Netflix ruins the way we watch TV


Photo courtesy of Wikimedia Commons

Netflix is taking over the way we watch TV. People used to watch their favorite shows on television.

According to a study by The Global Phenomena Report, Netflix consumes 15 percent of global internet traffic all by itself. No single service takes up as much internet traffic as Netflix.

Is this really a good thing? Everybody watching shows at their own pace? Isn’t there something to be said for the traditional way people used to watch TV, one show at a time, one week at a time, with everyone watching at the same scheduled hour?

Apparently not. Netflix has taken over, as evidenced by its 23 Emmy wins this year, tied for the most with HBO.

I have consumed my share of Netflix including the Netflix original, Master of None. It’s Netflix originals like this that have really become hits. In fact, last October everyone was talking about the second season of the Netflix original Stranger Things, but the conversation was very divided. There was a group of people talking about the season finale, a group who were about halfway done with the season and a group covering their ears because they hadn’t started.

The season came out on a Friday, and the next Monday, some people had already finished. Think about that. One weekend, that’s all it took for some people to digest a whole season of a show. Actually, for some people it was probably even less than a weekend- Netflix certainly encourages this binge watching with the seductive “next episode starts in 15 seconds” prompt. Who can resist watching one more? And why not another while we’re at it?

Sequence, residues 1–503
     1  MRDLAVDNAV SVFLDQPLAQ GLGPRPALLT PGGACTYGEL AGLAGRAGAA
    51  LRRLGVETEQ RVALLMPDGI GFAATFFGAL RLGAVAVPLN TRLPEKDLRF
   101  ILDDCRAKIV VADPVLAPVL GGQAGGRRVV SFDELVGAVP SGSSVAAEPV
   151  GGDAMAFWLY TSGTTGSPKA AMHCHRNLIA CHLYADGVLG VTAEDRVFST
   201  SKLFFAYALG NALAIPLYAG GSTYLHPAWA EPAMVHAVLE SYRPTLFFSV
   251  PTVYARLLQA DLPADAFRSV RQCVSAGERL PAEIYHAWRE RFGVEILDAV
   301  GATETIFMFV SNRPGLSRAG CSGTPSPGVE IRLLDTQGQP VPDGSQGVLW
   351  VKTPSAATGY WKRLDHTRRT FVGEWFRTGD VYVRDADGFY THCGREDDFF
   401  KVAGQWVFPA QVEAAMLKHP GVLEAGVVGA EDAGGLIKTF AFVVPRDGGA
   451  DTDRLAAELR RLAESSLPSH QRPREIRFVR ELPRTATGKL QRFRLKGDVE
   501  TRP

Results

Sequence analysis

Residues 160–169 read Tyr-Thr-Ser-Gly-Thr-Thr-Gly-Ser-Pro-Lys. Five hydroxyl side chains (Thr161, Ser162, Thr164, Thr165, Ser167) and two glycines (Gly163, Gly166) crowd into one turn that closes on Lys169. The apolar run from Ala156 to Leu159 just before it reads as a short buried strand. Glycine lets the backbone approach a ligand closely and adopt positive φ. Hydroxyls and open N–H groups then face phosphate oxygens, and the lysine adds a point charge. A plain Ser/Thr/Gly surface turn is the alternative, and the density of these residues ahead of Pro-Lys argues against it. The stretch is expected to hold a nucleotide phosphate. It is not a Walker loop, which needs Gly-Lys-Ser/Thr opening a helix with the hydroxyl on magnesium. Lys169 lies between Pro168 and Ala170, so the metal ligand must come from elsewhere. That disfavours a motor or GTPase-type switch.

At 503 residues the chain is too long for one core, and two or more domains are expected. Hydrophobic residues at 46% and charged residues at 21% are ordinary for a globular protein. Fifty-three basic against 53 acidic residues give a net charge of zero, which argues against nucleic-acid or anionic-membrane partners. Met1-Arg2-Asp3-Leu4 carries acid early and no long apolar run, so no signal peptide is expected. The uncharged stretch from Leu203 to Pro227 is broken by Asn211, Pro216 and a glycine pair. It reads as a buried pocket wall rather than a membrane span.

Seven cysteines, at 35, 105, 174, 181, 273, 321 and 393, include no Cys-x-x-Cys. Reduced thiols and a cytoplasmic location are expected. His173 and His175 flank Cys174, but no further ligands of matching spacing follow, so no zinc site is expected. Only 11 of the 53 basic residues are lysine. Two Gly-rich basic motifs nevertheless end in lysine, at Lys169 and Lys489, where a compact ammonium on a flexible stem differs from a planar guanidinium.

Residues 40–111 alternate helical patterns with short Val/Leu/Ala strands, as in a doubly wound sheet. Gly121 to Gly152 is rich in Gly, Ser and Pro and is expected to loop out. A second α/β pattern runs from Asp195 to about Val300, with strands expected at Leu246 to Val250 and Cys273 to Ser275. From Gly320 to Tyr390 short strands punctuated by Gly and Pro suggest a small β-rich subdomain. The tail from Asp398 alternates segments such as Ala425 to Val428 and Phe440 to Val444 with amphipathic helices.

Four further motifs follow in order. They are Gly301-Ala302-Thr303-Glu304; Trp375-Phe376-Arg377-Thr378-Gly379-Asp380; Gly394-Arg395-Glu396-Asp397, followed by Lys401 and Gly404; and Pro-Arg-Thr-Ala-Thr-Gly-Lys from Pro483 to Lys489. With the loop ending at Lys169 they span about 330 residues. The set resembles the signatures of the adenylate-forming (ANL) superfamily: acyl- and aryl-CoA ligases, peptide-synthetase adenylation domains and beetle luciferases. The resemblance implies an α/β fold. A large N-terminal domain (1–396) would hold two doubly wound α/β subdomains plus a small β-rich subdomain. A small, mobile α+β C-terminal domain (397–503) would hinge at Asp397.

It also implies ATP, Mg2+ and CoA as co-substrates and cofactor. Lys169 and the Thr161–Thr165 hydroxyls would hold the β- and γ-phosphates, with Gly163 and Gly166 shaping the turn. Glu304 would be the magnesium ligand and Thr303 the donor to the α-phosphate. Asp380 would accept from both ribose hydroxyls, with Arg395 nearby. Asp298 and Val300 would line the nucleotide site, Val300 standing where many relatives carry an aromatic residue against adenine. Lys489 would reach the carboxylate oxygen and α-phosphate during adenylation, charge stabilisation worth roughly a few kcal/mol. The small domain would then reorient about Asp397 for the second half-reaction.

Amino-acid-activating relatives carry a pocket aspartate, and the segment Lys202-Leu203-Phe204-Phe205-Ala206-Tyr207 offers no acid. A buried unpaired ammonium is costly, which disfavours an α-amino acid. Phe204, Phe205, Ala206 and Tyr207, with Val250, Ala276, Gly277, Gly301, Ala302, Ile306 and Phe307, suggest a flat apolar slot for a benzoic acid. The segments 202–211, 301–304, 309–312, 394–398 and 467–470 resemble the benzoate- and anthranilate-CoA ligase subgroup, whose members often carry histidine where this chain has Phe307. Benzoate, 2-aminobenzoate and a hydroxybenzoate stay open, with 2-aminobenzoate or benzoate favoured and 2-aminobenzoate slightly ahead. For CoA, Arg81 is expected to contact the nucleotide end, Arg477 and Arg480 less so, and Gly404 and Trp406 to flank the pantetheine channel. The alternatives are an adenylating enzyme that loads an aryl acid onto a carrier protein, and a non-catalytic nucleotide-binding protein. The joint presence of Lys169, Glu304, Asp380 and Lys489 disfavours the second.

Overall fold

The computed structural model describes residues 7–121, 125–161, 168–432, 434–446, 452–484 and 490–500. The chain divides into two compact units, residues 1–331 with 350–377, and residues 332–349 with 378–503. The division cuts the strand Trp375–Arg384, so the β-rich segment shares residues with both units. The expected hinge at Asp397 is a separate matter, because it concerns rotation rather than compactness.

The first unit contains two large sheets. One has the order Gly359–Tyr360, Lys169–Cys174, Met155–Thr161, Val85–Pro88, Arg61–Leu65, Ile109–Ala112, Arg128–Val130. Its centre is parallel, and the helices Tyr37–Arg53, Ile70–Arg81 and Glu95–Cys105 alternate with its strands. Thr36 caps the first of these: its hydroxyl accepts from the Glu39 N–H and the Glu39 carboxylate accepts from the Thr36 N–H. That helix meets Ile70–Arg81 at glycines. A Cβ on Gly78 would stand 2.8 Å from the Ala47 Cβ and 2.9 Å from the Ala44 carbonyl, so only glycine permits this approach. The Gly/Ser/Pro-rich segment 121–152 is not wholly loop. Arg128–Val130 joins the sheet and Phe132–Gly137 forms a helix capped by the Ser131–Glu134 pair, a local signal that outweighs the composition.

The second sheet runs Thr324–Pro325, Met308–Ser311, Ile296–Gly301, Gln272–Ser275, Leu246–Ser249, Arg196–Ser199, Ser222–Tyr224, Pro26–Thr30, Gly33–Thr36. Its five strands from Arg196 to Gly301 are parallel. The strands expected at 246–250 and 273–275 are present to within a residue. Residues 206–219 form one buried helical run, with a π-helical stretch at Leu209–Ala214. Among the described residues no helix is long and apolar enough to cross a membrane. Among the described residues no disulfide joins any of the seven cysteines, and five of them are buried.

Wasn’t there something nice about setting aside time once a week for 30 minutes or an hour to tune into your favorite show on TV? You watch the show, enjoy the show and, ultimately, the show leaves you wanting more. So, you tune in next week and savor the show from September to May. Whereas with Netflix, a season may start at 2:00 p.m. on a Saturday afternoon and finish at 11:00 p.m. Saturday night.

The traditional way has a certain realness to it. Characters are growing from week to week for months. With Netflix, if a viewer does consume a whole season in one setting, characters only grow within the span of a couple hours.

Another important thing that has been lost: the communal aspect involved in watching a TV show. Take Seinfeld, for example (which by the way you can stream on Hulu, a poor man’s Netflix). After Seinfeld’s very controversial finale, everyone was talking about it. Some thought it was the perfect capper to a great show and some thought it completely ruined the show. People had different opinions, but they were all talking about the same thing. On May 14, 1998, 76.3 million Americans tuned in to watch the Seinfeld finale, and the next day, 76.3 million Americans were talking about a shared experience.

With the rise of Netflix, there soon won’t be any of these iconic collective pop culture moments. A show like Stranger Things is very popular and when it comes time for its series finale, there very well could be 76.3 million Americans who watch it — at 76.3 million different times. But please don’t tell me how it ends — I might binge watch it this weekend.